Pope Francis said during his general audience that he was "watching with horror at the latest events in Syria," and said he "strongly deplored the unacceptable massacre."
"I was watching with horror at the latest events in Syria. I strongly deplore the unacceptable massacre that took place yesterday in the Idlib province, where tens of defenceless people were killed, including many children. I pray for the victims and their families, and I appeal to the conscience of those with political responsibility both locally and internationally to cease this tragedy and bring relief to that dear population that for too long has been exhausted by war. I encourage, furthermore, efforts of those who, even amid insecurity and discomfort, strive to allow aid to reach the inhabitants of that region."
Earlier, President Donald Trump denounced the attack as a "heinous" act that "cannot be ignored by the civilized world." German Foreign Minister Sigmar Gabriel called on Russia to endorse a planned Security Council resolution condemning the attack.
Secretary of State Rex Tillerson also pointed the finger at the Assad regime, saying "it is clear that this is how Bashar al-Assad operates: with brutal, unabashed barbarism."
British Foreign Secretary Boris Johnson said "all the evidence" he had seen so far in the latest chemical weapons attack in Syria "suggests this was the Assad regime ... (that) did it in the full knowledge that they were using illegal weapons in a barbaric attack on their own people."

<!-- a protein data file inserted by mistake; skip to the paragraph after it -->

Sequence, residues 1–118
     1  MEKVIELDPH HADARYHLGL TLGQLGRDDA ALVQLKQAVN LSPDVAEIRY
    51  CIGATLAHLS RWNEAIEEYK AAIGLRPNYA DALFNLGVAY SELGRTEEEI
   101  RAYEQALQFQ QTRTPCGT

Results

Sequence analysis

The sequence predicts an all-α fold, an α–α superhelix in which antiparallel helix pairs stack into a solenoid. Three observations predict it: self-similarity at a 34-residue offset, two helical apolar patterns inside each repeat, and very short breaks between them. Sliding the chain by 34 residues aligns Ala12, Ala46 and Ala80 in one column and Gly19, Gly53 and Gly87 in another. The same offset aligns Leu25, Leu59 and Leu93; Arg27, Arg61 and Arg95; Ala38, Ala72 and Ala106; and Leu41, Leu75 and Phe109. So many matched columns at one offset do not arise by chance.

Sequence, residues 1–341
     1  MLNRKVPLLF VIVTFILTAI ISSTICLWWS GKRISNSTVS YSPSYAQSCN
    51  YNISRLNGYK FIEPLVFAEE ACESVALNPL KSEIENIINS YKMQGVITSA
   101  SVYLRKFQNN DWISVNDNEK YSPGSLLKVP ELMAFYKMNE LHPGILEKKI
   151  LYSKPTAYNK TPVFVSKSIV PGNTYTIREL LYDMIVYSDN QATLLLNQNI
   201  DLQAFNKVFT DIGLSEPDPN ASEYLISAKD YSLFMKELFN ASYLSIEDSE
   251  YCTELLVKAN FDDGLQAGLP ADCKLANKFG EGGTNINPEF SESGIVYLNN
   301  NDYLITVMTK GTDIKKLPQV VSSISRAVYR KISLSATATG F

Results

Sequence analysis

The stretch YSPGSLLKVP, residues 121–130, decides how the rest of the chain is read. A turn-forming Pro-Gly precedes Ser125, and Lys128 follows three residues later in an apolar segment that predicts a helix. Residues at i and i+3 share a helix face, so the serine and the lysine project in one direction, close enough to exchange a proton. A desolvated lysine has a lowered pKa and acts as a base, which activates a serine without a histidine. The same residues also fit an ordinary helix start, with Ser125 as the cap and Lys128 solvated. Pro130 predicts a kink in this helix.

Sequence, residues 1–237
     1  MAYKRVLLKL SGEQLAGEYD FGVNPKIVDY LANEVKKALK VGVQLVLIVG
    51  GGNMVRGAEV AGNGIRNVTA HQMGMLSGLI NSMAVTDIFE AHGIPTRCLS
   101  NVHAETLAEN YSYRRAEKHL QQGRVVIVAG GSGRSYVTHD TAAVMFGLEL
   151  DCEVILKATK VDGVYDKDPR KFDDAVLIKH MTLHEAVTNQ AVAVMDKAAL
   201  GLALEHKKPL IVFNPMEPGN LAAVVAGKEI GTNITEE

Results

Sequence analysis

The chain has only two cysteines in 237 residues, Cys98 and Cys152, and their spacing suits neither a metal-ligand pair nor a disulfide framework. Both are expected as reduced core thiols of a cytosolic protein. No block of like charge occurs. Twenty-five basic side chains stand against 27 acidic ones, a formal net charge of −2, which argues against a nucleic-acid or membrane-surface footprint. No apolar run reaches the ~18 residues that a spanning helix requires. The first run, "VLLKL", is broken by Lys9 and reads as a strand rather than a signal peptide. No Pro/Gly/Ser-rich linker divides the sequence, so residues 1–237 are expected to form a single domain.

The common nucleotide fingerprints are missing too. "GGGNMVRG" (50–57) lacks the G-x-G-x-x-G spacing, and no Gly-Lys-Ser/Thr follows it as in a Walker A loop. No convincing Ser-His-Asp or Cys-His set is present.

French president Francois Hollande condemning the attack and called it a "war crime."
Hollande recalled that France had pushed for an international military campaign against Syrian President Bashar Assad over his use of chemical weapons in 2013. France has supported Syrian rebels against Assad for years.
"France has not changed its position on this issue", he said according to Le Foll.
The EU Council president Donald Tusk said Tuesday's attack in Khan Sheikhoun is "another reminder of the brutality" of Syria's regime and the perpetrators must be held accountable.
Tusk said Wednesday that the Syrian regime bears "the primary responsibility for the atrocities," but also blamed supporters of President Bashar Assad's government who he said share the "moral and political responsibility."
UN Security Council to hold emergency meeting
The U.N. Security Council was to hold an emergency meeting on Wednesday in response to the strike and in Brussels, officials from 70 nations gathered for a major donors' conference on the future of Syria and the region.
Over 320,000 people have been killed in Syria since the conflict began in March 2011 with anti-government protests.
Claims of chemical weapons attacks, particularly the use of the chlorine agent, are not uncommon in Syria's conflict. The worst attack was what a U.N. report said was an attack by toxic sarin gas in August 2013 on the Damascus suburb of Ghouta that killed hundreds of civilians.
The New York-based Human Rights Watch has accused the Syrian government of conducting at least eight chemical attacks using chlorine gas on opposition-controlled residential areas during the final months in the battle for Aleppo last year that killed at least nine civilians and injured 200.
Also, a joint investigation by the United Nations and the international chemical weapons watchdog determined the Syrian government was behind at least three attacks in 2014 and 2015 involving chlorine gas and the Islamic State group was responsible for at least one involving mustard gas.
(With AP inputs)